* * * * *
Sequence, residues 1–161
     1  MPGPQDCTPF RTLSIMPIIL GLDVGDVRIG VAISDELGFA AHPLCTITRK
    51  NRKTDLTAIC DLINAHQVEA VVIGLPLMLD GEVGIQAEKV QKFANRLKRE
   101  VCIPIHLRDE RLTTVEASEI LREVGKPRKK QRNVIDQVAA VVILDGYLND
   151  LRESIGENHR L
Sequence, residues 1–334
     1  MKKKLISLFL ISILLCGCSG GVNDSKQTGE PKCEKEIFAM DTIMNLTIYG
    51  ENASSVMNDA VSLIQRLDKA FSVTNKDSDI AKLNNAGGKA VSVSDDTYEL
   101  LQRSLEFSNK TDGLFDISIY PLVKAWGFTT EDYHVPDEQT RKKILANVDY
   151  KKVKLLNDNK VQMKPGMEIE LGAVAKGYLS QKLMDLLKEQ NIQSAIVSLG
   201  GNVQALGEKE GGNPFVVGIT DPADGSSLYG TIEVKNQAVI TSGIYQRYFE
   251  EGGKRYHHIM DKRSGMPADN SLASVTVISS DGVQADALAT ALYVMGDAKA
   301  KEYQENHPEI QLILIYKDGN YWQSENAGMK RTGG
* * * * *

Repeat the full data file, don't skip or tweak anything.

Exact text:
Sequence, residues 1–161
     1  MPGPQDCTPF RTLSIMPIIL GLDVGDVRIG VAISDELGFA AHPLCTITRK
    51  NRKTDLTAIC DLINAHQVEA VVIGLPLMLD GEVGIQAEKV QKFANRLKRE
   101  VCIPIHLRDE RLTTVEASEI LREVGKPRKK QRNVIDQVAA VVILDGYLND
   151  LRESIGENHR L
Sequence, residues 1–334
     1  MKKKLISLFL ISILLCGCSG GVNDSKQTGE PKCEKEIFAM DTIMNLTIYG
    51  ENASSVMNDA VSLIQRLDKA FSVTNKDSDI AKLNNAGGKA VSVSDDTYEL
   101  LQRSLEFSNK TDGLFDISIY PLVKAWGFTT EDYHVPDEQT RKKILANVDY
   151  KKVKLLNDNK VQMKPGMEIE LGAVAKGYLS QKLMDLLKEQ NIQSAIVSLG
   201  GNVQALGEKE GGNPFVVGIT DPADGSSLYG TIEVKNQAVI TSGIYQRYFE
   251  EGGKRYHHIM DKRSGMPADN SLASVTVISS DGVQADALAT ALYVMGDAKA
   301  KEYQENHPEI QLILIYKDGN YWQSENAGMK RTGG